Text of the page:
Philippines Extends Military Pact Allowing US Troops in the Country

Manila eyes long-term defense treaty with US, citing tensions in the South China Sea

The Philippines’ foreign ministry said on Wednesday that the country will extend the Visiting Forces Agreement (VFA), a military pact that allows US troops in the Southeast Asian country on a rotational basis.

Philippine President Rodrigo Duterte announced his plan to terminate the VFA back in February but reversed his decision in June, citing tensions in the South China Sea. The Philippines said the treaty will be temporarily extended for another six months while the two countries work out a more permanent agreement.

Philippine Foreign Affairs Secretary Teodoro Locsin said Duterte decided to extend the VFA to “enable us to find a more enhanced, mutually beneficial, mutually agreeable, and more effective and lasting arrangement on how to move forward in our mutual defense.”

“The past four years have changed the South China Sea from one of uncertainty about great powers’ intentions to one of predictability and resulting stability with regard to what can and cannot be done,” Locsin said.

After Duterte announced his plan to kick the US military out of his country earlier this year, tensions between the US and China ratcheted up due to the coronavirus pandemic. Part of the Trump administration’s efforts to counter Beijing included an increased US military presence in the South China Sea and a change in official policy over the disputed waters.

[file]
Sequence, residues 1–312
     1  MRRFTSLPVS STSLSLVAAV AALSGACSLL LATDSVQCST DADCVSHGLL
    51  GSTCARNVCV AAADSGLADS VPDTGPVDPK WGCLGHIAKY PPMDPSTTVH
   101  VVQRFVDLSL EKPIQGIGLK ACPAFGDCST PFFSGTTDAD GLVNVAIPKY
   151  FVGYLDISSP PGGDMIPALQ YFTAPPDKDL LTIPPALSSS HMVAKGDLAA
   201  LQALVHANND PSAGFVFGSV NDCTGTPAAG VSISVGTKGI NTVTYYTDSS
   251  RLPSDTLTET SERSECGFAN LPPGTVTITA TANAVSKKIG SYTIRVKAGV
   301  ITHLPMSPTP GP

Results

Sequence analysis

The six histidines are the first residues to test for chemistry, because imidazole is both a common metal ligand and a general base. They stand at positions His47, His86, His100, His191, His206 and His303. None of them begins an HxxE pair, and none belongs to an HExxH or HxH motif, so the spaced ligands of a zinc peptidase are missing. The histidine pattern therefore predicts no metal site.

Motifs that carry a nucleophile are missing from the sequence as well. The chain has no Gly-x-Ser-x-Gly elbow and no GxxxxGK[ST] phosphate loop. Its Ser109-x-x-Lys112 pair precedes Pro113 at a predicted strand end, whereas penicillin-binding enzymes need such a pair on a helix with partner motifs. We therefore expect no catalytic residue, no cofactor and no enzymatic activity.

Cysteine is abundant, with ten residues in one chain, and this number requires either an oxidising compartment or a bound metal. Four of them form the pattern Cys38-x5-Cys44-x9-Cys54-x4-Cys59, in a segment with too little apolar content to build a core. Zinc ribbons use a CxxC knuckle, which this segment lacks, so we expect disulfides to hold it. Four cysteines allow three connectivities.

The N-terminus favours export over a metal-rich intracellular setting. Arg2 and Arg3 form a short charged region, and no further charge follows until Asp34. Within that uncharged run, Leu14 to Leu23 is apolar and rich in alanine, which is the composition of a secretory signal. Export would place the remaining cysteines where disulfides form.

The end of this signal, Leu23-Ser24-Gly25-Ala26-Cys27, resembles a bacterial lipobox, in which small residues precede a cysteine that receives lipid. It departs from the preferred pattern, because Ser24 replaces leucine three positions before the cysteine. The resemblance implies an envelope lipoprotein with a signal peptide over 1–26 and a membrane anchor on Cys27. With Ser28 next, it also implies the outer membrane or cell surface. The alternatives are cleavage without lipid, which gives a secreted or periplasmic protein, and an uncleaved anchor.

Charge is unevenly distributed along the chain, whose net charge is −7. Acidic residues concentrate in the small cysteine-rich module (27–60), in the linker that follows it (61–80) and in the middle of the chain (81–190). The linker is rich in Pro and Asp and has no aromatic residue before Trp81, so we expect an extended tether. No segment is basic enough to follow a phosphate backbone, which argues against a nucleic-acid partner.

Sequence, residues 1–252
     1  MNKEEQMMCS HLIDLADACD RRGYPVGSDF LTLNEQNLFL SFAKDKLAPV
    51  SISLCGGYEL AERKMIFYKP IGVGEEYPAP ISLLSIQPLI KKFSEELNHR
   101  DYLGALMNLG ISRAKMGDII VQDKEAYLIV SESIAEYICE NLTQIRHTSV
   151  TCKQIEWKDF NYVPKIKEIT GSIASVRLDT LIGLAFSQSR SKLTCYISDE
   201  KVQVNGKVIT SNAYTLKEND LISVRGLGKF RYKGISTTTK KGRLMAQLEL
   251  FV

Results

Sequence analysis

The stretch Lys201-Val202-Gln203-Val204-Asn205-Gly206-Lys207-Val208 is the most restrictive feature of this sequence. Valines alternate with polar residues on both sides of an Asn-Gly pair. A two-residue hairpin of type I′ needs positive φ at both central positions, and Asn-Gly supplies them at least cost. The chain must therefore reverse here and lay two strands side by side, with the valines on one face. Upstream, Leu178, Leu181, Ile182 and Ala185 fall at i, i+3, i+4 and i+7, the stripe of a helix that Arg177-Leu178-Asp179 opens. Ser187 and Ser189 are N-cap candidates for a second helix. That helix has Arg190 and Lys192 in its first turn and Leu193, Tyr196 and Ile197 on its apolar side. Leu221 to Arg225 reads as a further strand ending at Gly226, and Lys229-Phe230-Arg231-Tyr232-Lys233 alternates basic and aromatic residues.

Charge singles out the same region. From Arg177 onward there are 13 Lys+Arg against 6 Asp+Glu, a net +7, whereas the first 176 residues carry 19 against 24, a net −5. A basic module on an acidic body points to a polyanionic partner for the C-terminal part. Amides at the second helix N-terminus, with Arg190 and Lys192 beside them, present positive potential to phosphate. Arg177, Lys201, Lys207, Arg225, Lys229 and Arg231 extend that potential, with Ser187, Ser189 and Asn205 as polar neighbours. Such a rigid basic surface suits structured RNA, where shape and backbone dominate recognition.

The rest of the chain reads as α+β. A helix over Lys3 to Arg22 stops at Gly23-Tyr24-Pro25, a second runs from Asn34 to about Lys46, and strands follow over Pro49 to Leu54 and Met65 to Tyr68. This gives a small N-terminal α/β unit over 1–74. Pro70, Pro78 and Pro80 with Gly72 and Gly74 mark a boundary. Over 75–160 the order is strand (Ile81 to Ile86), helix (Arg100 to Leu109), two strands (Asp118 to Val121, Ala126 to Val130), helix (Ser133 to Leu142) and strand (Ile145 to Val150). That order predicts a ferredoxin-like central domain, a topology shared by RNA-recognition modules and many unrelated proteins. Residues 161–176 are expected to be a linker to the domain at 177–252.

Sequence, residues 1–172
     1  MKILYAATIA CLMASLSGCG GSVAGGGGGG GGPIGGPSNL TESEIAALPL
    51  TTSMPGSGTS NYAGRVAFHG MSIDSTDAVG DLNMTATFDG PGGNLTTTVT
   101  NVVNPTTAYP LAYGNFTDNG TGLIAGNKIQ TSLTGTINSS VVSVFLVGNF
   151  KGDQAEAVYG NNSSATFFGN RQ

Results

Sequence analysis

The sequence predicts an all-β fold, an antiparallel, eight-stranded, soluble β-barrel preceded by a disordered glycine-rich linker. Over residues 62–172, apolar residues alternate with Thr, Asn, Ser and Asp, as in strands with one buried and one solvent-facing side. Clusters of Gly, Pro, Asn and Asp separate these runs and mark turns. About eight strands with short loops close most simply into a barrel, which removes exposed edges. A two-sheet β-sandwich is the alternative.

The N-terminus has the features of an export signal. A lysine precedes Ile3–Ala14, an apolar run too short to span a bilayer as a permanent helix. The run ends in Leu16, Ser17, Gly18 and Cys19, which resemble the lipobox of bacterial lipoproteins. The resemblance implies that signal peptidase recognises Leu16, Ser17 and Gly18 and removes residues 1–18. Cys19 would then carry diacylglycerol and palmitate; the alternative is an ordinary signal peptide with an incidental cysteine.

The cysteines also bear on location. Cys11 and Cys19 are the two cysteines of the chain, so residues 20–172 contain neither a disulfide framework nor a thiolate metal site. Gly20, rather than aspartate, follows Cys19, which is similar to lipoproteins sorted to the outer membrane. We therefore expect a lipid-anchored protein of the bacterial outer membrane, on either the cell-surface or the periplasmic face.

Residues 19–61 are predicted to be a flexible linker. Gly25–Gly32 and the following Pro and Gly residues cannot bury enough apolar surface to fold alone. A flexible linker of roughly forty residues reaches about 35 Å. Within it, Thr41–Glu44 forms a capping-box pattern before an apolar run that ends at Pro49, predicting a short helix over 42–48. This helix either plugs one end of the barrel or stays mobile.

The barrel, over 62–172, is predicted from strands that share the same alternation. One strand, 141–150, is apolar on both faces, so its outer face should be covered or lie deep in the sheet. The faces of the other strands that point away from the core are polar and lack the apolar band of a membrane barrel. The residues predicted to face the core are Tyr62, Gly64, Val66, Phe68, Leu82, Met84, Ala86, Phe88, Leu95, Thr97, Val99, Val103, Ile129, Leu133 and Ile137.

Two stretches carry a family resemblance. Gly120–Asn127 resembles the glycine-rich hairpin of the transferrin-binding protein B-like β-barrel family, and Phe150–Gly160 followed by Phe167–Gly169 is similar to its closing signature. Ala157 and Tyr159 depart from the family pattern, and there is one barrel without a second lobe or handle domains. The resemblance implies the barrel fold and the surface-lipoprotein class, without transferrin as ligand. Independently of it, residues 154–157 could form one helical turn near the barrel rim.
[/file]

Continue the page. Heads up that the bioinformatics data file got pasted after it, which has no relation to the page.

China, the Philippines, and several other countries have overlapping claims to the South China Sea. In July, the Trump administration formally rejected most of Beijing’s claims to the waters, citing an international tribunal ruling from 2016. The tribunal sided with the Philippines against China over disputed reefs and shoals under the framework of the United Nations Convention on the Law of the Sea, a treaty that outlines a country’s territorial waters and economic zones, a treaty the US has never ratified and is not a party to.

The Obama administration started challenging China’s claims to islands in the South China Sea by sailing warships near them, maneuvers known as Freedom of Navigation Operations (FONOPs). The Trump administration continued the FONOPs, and throughout this year, US aircraft carriers have regularly drilled in the South China Sea.

Joe Biden is not expected to soften Washington’s stance on Beijing’s claims to the South China Sea. During the last presidential debate, Biden bragged about the Obama administration’s tough position on China’s claims to the disputed waters.

Author: Dave DeCamp

Dave DeCamp is the assistant news editor of Antiwar.com, follow him on Twitter @decampdave.